China faces serious problems


China wants to take America’s place in the new world order, filling what the U.S. will leave behind as an empty leadership chair in the Asia table of nations.

In several different ways, China is aspiring to instill confidence around the world that it is indeed ready to take on the new mantle of “leader of the free world”. It is very ironic that a nation which is not a democracy, which is not a truly open market, which suppresses internal dissent, which censors internet and free communications, which is usurping neighbouring nations’ rights for freedom to navigate the sea, and so on and so forth, has finally arrived at an uncontested milestone in its development as a nation-state. China is finally going to claim its role as the first and only super power from Asia.

But will the Asian countries accept its leadership?

Contrary to what you think, the answer could be a qualified YES. I wanted to write that the answer “should” be a NO. But then I would have inserted my wish into the equation in a forcible manner, as I control this writing of my blog post. Asian nations, are, in general afraid to challenge power equations, even when these threaten the world order, even when these disturb the peace and equilibrium in their neighbourhood.

Example? Just look at The Philippines. It has (had) been a rock-solid ally of the U.S. for over six decades, was colonized by the U.S., continues to be highly Westernized with strong pro-American tilt amongst its people, contributes the third largest immigrant population to the U.S., and what not. But now witness – the country is surely and inevitably sliding towards China. This is despite the fact that it won an international arbitration against China – I thought that the Philippines would try to enforce the ruling. But China played the charm game, and now the Philippines is almost at their feet, begging them to replace the U.S. as the benefactor.

Malaysia has been growing close to China as well, but has maintained a healthy relationship with the Obama government. One does not know how it will handle the Trump administration.

Sri Lanka is moving closer to China, with Chinese investments pouring into that country. Nepal and Myanmar are looking at the involvement of China in their respective economies. Thailand is inching closer to China. May be India is a standout, but that would be because it is also a large country, with its share of border troubles with China over the past five decades, and so it will be wary. China has been making huge progress in African investments and is also encroaching into South America.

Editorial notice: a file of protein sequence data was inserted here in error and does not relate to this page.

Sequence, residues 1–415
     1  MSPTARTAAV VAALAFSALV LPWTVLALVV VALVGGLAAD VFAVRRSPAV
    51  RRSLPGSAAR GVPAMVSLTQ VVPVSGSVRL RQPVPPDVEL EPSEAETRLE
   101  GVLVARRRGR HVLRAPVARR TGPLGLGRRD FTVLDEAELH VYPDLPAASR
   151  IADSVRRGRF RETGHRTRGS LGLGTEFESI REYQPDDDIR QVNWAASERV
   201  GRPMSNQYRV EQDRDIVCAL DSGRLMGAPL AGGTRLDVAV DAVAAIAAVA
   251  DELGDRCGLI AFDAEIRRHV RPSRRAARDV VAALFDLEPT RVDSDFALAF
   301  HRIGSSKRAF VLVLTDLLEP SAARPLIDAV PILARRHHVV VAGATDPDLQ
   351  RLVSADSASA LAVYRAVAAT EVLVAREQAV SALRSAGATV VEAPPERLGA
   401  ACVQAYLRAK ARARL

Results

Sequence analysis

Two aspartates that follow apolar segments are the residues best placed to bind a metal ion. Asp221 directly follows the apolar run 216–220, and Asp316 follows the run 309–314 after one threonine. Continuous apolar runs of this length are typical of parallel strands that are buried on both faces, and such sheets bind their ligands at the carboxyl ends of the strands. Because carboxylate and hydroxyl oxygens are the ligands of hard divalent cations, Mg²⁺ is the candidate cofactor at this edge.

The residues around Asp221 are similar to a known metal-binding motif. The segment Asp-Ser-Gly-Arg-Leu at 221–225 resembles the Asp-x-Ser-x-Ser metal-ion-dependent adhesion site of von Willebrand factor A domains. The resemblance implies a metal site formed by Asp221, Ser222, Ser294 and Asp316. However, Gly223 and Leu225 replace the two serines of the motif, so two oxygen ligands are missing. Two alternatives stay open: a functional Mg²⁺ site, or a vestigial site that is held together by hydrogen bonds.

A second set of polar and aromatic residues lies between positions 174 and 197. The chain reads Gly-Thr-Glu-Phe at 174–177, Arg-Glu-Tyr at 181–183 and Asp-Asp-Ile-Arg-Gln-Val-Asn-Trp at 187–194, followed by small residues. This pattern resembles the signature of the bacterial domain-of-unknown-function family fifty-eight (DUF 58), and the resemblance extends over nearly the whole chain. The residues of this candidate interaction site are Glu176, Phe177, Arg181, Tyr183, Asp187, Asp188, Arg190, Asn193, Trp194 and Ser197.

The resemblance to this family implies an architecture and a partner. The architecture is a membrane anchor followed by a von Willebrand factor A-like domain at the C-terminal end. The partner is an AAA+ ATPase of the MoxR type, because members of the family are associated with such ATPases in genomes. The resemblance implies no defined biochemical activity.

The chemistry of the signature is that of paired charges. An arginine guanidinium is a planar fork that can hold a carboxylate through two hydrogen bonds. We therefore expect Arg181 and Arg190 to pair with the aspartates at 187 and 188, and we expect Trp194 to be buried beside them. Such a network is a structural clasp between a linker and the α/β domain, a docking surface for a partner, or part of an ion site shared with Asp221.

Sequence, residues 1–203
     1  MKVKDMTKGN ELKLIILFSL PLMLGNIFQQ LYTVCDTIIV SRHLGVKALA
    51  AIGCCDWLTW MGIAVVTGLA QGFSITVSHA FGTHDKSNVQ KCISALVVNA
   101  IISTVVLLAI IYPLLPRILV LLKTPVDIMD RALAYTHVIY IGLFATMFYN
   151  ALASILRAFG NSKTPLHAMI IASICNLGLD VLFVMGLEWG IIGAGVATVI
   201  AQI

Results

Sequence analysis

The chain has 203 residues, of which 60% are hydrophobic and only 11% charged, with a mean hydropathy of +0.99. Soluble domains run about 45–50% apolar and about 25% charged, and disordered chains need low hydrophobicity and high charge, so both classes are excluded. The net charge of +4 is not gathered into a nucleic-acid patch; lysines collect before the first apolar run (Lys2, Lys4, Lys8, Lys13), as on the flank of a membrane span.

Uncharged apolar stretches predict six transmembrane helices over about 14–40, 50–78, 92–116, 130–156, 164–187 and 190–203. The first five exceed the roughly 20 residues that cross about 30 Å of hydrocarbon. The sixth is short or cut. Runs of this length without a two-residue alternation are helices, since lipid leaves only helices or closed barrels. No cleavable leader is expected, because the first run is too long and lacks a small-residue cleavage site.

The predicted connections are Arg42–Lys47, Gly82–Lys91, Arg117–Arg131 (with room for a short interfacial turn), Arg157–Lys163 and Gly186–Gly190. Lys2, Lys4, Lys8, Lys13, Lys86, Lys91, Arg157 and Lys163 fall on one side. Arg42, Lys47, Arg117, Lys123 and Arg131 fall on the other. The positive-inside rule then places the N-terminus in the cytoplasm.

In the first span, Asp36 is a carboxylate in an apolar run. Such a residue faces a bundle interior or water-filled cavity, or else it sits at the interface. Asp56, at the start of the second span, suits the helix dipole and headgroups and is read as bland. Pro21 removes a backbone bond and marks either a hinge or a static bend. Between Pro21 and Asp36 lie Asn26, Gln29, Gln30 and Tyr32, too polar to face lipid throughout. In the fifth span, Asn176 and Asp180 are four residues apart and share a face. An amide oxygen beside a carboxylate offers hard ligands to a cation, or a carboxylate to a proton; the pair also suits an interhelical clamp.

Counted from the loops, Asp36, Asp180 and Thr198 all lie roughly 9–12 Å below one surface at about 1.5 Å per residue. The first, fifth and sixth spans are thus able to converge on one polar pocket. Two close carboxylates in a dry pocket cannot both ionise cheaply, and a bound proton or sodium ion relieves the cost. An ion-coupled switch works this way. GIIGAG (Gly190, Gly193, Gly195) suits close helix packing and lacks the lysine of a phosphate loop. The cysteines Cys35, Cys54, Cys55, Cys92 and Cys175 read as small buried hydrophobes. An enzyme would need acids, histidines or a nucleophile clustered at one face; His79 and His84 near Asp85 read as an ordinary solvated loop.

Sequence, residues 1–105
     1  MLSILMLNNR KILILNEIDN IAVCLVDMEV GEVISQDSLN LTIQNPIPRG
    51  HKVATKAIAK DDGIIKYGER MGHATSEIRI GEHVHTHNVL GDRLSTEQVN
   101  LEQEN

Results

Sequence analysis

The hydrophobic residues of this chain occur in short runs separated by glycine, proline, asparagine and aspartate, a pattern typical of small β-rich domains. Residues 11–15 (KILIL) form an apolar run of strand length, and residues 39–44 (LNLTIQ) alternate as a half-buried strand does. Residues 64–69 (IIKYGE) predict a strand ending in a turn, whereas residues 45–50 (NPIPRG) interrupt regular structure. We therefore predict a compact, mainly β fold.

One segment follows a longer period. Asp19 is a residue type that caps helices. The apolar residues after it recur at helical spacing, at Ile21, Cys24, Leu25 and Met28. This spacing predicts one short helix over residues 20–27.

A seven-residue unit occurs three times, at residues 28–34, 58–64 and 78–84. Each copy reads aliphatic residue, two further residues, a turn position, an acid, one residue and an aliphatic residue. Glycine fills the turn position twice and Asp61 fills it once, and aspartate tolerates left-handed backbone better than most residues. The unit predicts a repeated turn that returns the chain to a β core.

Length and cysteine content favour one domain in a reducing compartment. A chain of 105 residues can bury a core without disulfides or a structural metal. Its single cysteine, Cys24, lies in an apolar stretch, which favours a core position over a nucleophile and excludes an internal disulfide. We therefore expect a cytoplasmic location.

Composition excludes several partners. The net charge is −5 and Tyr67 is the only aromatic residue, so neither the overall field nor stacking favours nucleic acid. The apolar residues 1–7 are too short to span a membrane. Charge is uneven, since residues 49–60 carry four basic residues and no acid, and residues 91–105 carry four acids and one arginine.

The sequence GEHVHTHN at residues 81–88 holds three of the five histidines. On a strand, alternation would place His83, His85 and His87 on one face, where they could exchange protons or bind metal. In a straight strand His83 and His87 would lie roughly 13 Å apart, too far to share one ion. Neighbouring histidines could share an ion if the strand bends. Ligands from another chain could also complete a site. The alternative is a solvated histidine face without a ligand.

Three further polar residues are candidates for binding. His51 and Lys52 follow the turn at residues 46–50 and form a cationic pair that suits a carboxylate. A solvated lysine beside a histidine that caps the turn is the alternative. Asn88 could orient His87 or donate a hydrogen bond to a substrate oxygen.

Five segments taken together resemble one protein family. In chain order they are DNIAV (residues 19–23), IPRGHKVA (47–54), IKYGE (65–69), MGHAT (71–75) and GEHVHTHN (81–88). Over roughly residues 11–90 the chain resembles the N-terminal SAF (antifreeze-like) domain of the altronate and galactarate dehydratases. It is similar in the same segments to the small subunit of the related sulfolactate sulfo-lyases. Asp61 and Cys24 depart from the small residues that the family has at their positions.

Given all of the above, you would think that it should be a cake walk for China to take the place of the U.S. But that is not to be……

Two powerful countries – South Korea and Japan – are going to challenge the hegemony of China. And, the U.S. itself has been challenging China’s military moves in the South China Sea and its claims against disputed islands which are under Japanese control. Taiwan is another big pain for China, with its democratic party not so close to China. So, North Asia is a huge problem for China, and North Korea has not been helpful in its aggressive nuclear posturing.

And, small countries like Singapore, which plays by international laws, will stay neutral in any emerging equation. The U.S. is too important for many of these same countries, and they will play a waiting game as situations develop. While China will play its trade and investment games around Asia, Africa and elsewhere, it is not unusual for China’s intentions to be investigated and questioned. Unfortunately, people do not view China using the same glasses that they use when viewing the U.S. The U.S. has always been welcome throughout Asia (so far).

So, it is going to be problematic for China unless it develops the “soft power” that the U.S. has so effectively utilized over the years. But for that, China needs powerful consumer and industrial brands which it lacks. China also needs to be seen as an engaging and well-meaning power, and not as a bully in one’s backyard. Intentions have to be clarified before cheque books are opened. China has not even been able to attract other countries to launch their satellites using the powerful rockets that they have developed, whereas India gets good business in the matter of launching satellites for many countries. It is critical China engages an “image and brand” consultant and builds a positive image for itself around the world. And, it needs to realize that the South China dispute is doing no good for its image. Nobody likes a big country to come hundreds and thousands of miles from its shores and claim reefs, corals, sand, and rocks as its territory, and threatens the economic lifeline of other much smaller nations around the sea. What is the purpose? China never did such stuff before Xi Jinping arrived as its President.

China cannot have the cake and eat it too. It is time it realizes that it needs the rest of the world if it has to successfully position itself as the leader of the “free” (not so free after all!) world. China’s citizens will never be free as long as there is lack of democracy, and increasing affluence is not going to lead them to freedom, or even partial freedom. However, China’s image can be changed by prudent design.

Will China do it? The jury is out, and the world is watching.

Cheers,

Vijay Srinivasan

5th February 2017

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One comment

  1. Jega

    China will struggle if it implements true reforms that mainly surrounds human rights. With a population of 1.3B democracy, in it true essence, is difficult. Unless the other Asian and African countries are willing to close an eye at this shortcomings, China will find it hard to impose itself. However, both these continents are ripe with corrupt and despot leaders which could play very well into China’s hand.

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